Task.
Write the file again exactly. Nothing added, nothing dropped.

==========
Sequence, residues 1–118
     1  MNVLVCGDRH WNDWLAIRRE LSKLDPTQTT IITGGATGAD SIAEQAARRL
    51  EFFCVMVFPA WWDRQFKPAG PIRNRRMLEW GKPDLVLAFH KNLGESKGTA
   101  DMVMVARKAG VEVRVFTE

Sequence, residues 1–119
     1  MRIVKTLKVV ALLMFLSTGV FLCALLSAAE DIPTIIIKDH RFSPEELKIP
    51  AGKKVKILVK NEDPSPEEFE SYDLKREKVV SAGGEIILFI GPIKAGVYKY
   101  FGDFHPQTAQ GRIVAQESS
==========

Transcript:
Sequence, residues 1–118
     1  MNVLVCGDRH WNDWLAIRRE LSKLDPTQTT IITGGATGAD SIAEQAARRL
    51  EFFCVMVFPA WWDRQFKPAG PIRNRRMLEW GKPDLVLAFH KNLGESKGTA
   101  DMVMVARKAG VEVRVFTE

Sequence, residues 1–119
     1  MRIVKTLKVV ALLMFLSTGV FLCALLSAAE DIPTIIIKDH RFSPEELKIP
    51  AGKKVKILVK NEDPSPEEFE SYDLKREKVV SAGGEIILFI GPIKAGVYKY
   101  FGDFHPQTAQ GRIVAQESS